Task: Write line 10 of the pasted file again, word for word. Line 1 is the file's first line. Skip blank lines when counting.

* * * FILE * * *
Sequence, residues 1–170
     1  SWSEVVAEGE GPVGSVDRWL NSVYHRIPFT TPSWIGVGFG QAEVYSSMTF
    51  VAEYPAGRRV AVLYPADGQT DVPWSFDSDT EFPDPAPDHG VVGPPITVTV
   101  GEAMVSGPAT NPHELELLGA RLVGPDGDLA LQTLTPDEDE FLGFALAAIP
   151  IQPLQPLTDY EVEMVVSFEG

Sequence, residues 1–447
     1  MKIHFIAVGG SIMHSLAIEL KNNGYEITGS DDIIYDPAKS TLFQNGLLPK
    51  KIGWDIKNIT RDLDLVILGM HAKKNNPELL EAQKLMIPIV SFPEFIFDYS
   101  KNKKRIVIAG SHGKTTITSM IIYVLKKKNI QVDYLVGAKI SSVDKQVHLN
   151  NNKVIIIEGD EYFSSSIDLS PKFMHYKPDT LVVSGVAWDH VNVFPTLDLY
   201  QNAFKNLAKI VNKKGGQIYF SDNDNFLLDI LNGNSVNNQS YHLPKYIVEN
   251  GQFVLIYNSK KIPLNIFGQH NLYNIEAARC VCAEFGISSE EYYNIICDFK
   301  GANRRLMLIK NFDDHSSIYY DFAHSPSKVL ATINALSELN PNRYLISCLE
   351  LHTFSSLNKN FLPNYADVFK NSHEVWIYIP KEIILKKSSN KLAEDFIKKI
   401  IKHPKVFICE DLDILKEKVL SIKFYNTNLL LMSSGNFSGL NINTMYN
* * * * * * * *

   151  NNKVIIIEGD EYFSSSIDLS PKFMHYKPDT LVVSGVAWDH VNVFPTLDLY